"Just as the County invests funds to maintain buildings, artworks require resources for maintenance as well as conservation."

Public Arts Trust consultant, Michele Cohen, and AHCMC CEO Suzan Jenkins testifying to Montgomery County Council
Public Arts Trust consultant, Michele Cohen, and AHCMC CEO Suzan Jenkins testifying to Montgomery County Council
Last Thursday, February 9, we testified to Montgomery County Council to encourage them to  protect their $4+ million investment and fund conservation and maintenance for County-owned public art. Below is one of the written testimonies submitted to Montgomery County Council:

Council President Berliner, esteemed members of the County Council, thank you for your past support of the arts and humanities in Montgomery County. I am here today to ask you to appropriate funding for the Public Arts Trust (PAT) in FY13/FY14.

The Arts and Humanities Council (AHCMC) was distressed to learn that appropriation was not included in the FY13/FY14 Public Arts Trust CIP #729658 as this funding is critical to protect and maintain the County’s assets of over $4M already invested in public art. A Cost Change for FY13 and 14 is noted in CIP#729658 to allocate a TBD amount to AHCMC’s operating budget for maintenance of assets currently in the Trust.

I ask you now to allocate an appropriate level of funding in the CIP that will allow AHCMC to manage the Trust responsibly. Even funding 50% of the former allocation would be hugely impactful.

As you may recall, funding for the PAT CIP was severely reduced in FY10 and eliminated in FY11 and FY12. As a result, AHCMC eliminated staff hired to manage the Trust, putting the County’s $4M public art assets at risk, and in some cases, potentially putting the public at risk. Many of these public artworks are deteriorating; many of them are in public parks and over half of them are in public schools. What message does this send to our community?

While $9,000 for maintenance has been appropriated for the PAT in the AHCMC general operating budget, $9,000 is insufficient to maintain the 868 works of art in the Public Art Collection (568 works on paper, 300 sculpture/murals) by nationally known and significant local artists. These are public assets paid for by taxpayer dollars. The PAT should be funded to protect those assets.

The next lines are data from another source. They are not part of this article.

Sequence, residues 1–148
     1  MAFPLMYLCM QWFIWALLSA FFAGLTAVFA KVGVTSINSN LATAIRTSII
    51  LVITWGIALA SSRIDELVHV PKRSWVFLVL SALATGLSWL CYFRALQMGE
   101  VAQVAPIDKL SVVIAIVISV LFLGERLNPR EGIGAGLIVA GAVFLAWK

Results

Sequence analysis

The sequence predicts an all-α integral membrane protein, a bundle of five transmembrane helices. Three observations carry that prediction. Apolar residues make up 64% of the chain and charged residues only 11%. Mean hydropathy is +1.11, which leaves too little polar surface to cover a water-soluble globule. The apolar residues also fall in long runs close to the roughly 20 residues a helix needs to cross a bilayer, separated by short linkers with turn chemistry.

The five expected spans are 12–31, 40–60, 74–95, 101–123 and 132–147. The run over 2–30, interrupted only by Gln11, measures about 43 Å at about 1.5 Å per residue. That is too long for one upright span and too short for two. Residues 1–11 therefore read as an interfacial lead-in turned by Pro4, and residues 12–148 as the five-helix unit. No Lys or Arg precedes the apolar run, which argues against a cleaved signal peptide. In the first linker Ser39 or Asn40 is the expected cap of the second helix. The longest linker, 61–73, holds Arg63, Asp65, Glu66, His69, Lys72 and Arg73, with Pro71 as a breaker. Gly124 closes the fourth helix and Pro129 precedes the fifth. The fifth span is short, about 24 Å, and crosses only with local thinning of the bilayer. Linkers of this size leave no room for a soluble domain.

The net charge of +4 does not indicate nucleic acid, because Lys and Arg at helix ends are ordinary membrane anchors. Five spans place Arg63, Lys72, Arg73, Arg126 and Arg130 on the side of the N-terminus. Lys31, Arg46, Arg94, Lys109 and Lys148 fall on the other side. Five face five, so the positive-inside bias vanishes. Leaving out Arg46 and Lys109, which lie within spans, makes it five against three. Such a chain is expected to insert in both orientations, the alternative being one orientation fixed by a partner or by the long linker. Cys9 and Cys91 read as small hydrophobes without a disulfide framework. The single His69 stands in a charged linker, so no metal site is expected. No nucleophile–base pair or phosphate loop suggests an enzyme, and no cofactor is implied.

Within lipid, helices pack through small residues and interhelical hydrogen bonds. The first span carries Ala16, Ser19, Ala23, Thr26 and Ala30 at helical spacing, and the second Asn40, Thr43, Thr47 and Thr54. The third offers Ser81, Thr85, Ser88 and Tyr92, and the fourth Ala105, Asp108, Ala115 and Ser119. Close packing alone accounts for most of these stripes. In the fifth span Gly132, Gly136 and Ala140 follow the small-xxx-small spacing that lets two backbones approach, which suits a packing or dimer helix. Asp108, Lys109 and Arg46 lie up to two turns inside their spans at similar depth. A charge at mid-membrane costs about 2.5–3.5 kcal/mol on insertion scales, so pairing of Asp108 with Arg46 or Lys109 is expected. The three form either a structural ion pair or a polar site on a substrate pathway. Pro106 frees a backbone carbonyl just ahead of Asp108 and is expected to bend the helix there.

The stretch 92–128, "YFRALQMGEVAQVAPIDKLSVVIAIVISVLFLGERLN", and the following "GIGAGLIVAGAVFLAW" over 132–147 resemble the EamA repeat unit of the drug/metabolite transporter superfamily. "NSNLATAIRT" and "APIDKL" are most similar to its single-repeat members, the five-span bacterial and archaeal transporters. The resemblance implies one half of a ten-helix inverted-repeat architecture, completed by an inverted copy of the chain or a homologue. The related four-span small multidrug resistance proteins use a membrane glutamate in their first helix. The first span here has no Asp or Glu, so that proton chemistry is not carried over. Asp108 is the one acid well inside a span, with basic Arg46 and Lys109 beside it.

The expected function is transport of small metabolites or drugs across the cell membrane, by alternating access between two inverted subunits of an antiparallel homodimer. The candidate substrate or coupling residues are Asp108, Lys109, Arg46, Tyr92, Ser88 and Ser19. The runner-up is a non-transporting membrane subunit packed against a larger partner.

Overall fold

Artwork is ALL OVER the county, in schools, parks, plazas, libraries, office buildings: the EOB, the COB, the Judicial Center, Health and Human Services. The people of our County interact with it every day and it is improving and inspiring the community every day.

Over the last year, AHCMC developed a database to manage all aspects of the collection, including curatorial information, current condition and ownership responsibilities. However we have no ongoing staff to manage the collection, database or conservation efforts.

Considering the initial $4M investment made with taxpayer dollars into the collection, AHCMC now needs funds to manage and conserve the County’s collection. As the old adage goes, “An Ounce of Prevention is Worth a Pound of Cure.” Just as we expect developers to maintain public art on private property, we must set an example. Deteriorating artworks in schools and community centers sends a negative message to County residents, developers and businesses.

As of the 2003 PAT Maintenance Report, 41 pieces were listed in the “worst” condition; we estimate that real number is now close to 50, or 15% of the collection of public art. A significant percentage of the collection is in schools and other public spaces. The County must act ASAP to protect the collection so that pieces in schools and those like that of major artist, Brower Hatcher, won’t have to be removed as it was several years ago because it was so severely damaged.

Conservation for a public agency or arts non-profit requires a team effort of knowledgeable administrators, conservators, and the cooperation of the County. And while AHCMC has the momentum to manage the County’s public art collection responsibly, we need funds for the conservation and maintenance of the PAT.

The attached photos of the Julio Teichberg installation at the Germantown Community Center demonstrates the grave need for funds to conserve and maintain taxpayers’ investment and the County’s assets. Of even greater concern, is danger to public safety. Please let me share a little of that once-wonderful piece of art with you now.

Pieces from an installation at the Germantown Community Center

Just as the County invests funds to maintain buildings, artworks require resources – both human and fiscal – for maintenance as well as conservation.

Councilmembers, I implore you to budget at least $74,000 for the Public Art Trust which would include $30,000 for staffing and $44,000 for conservation and the implementation of a maintenance program. Such a budget allocation will allow the Arts and Humanities Council to maintain and manage the collection and conserve the County’s assets in this most valuable public trust. Thank you for the opportunity to present this information to you tonight.

Respectfully submitted,
Suzan Jenkins
Arts and Humanities Council, Montgomery County